If the answer is 'My colleague would have quit' or 'My manager would no longer criticize me', everything indicates that the fear is triggered by people. If the wishful thinking sounds like this: 'I would confidently and confidently represent my point of view in meetings and successfully hold presentations in front of customers', the cause of the fear can be located more in the area of ​​work situations. On the other hand, statements such as 'I would do everything effortlessly and without errors' tend to indicate that those affected place too high demands on themselves and suffer from perfectionism. Depending on the result of this first important cause analysis, there are different coping strategies. If the fear of work is actually a fear of a person, it can take a lot of courage to do something. In this context, those affected often experience exclusion, unfair treatment, bullying and harassment. A helpful strategy is therefore to first confide in someone in order to get additional support from outside. The first point of contact can be your superior, the human resources department or the works council. Of course, it sometimes happens that the situation cannot be sufficiently clarified, despite the courage of those affected and the efforts of the mediators entrusted to them, but it is more likely that solutions will be found together Way past it than up to the challenge. This does not seem possible to those affected at first, which is why it is important to approach the task in small steps. So if it's a presentation in front of customers that causes sweaty palms and racing hearts, it's worth practicing internally first. Meeting formats that are more about internal knowledge transfer or in which successful projects are presented are suitable for this, for example. It is also possible to try things out outside of the work context. It can be helpful to speak up more actively in discussions with friends or to state your point of view more clearly than usual in the family circle. It is important to be very patient with yourself and to celebrate even small successes. Over time, you can become more confident and gradually reduce your fear.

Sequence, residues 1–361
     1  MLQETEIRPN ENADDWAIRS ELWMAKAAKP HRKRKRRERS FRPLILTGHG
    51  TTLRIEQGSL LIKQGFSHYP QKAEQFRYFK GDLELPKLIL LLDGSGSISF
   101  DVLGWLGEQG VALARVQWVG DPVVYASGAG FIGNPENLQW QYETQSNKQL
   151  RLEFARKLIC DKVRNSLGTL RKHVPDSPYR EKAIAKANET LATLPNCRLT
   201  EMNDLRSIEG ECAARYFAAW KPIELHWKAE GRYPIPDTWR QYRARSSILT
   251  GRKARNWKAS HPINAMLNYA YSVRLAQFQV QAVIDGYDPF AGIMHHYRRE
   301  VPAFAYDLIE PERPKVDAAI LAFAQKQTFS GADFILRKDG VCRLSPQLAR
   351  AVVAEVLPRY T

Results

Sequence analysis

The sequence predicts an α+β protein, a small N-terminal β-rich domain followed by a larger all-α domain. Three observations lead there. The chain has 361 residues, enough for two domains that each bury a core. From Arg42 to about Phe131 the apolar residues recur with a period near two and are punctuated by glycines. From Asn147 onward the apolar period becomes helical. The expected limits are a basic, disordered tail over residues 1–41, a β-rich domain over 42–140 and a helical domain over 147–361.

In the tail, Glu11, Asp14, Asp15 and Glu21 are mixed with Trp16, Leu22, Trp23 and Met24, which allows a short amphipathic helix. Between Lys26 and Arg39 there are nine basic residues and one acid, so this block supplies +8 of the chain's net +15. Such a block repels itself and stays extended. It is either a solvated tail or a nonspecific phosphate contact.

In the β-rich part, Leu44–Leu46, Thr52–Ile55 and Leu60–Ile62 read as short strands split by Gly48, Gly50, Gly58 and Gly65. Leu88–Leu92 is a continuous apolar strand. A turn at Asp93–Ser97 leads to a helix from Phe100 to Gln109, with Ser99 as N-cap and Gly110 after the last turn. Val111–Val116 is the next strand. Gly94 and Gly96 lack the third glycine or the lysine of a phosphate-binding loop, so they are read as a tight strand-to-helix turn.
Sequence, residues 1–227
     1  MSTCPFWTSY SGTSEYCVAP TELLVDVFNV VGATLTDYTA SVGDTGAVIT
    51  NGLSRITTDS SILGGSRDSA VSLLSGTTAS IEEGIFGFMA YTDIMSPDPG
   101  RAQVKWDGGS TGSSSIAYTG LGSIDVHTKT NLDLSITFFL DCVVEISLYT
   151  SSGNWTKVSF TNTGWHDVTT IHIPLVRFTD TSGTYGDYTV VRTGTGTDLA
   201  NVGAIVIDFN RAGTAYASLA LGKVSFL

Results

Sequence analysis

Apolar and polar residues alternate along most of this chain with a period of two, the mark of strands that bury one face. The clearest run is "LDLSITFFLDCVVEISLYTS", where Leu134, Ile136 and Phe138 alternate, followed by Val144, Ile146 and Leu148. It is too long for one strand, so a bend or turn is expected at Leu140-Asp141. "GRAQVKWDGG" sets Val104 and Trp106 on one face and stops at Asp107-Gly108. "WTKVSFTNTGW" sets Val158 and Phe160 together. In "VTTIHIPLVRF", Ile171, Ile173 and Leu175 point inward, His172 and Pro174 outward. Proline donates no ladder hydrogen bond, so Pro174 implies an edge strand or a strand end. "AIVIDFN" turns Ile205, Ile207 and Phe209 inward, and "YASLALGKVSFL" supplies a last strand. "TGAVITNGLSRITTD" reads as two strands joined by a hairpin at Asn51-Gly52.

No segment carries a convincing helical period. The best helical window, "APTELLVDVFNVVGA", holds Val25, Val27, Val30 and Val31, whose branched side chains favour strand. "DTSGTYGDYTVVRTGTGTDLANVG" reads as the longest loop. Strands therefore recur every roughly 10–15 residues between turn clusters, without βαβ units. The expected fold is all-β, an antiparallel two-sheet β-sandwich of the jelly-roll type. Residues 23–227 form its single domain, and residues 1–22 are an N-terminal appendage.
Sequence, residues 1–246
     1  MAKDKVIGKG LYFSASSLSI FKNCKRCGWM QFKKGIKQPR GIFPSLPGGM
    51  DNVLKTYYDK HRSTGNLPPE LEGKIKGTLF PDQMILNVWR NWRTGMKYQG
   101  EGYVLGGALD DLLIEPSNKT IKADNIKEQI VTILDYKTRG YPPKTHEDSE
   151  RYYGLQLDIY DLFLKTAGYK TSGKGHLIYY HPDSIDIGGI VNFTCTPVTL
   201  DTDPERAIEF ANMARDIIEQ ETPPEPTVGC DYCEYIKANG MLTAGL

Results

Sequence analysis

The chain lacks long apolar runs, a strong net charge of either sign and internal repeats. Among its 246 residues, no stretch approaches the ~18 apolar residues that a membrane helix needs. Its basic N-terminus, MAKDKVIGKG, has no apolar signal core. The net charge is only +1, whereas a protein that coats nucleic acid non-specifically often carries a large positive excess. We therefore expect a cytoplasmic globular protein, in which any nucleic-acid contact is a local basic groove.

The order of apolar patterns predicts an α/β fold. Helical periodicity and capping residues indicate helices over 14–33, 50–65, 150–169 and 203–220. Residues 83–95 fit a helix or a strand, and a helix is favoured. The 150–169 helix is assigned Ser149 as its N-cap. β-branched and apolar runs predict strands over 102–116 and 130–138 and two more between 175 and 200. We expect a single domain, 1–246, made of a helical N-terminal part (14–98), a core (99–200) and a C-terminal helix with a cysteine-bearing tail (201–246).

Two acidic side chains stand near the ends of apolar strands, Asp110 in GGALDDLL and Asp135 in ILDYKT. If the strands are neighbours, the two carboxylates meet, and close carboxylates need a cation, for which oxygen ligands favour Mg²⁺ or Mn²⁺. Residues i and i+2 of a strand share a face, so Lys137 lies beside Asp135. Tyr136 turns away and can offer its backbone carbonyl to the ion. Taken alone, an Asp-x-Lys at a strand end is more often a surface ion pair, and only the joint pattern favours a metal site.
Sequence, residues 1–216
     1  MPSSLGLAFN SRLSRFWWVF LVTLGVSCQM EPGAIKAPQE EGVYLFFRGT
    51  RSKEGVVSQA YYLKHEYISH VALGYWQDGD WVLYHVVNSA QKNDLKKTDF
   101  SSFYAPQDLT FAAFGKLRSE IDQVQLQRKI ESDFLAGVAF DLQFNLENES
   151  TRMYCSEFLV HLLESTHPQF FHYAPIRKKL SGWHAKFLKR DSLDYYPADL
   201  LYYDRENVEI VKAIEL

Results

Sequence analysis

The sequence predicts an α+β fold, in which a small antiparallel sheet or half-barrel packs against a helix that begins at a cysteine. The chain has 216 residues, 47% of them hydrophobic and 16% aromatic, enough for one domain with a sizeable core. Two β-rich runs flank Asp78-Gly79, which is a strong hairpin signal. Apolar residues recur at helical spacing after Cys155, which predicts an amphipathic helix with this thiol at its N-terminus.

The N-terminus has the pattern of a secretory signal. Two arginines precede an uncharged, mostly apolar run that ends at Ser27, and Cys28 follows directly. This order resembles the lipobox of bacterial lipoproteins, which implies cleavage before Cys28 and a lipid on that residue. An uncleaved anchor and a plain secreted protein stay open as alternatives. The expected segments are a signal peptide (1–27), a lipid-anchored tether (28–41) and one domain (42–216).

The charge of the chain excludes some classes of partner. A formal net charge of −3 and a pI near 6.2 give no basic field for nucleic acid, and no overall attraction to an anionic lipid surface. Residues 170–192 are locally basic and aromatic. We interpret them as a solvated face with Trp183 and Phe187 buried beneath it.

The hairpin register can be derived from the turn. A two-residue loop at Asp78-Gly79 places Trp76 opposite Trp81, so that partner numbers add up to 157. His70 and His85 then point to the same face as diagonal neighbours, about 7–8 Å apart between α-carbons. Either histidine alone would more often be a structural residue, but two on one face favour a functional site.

What else can help if we regularly experience anxiety about work?

Horvath: What can help those affected is to keep reminding themselves that mistakes are human and that it is okay to ask for support from time to time. There is even an opportunity to improve relationships with superiors and colleagues. Researchers found that we are more likely to like people when we have done them a favor. In other words, there may even be tangible benefits to involving others. It is clear that this confrontation with the cause of the fear also requires a lot of courage and patience. It just takes practice to be gentle with yourself and allow yourself to make mistakes. So I recommend another technique. It can be helpful to just give the fear some space and play through the worst-case scenario: 'Suppose I make a mistake, what is the worst that can happen?' This often takes the edge off the fear because the consequences aren't as catastrophic as they first feel. Those affected often even find that they already have a solution if the worst case scenario should actually occur. This can bring great relief and help to get a different perspective on mistakes. In any case, the fear is also reduced in this case.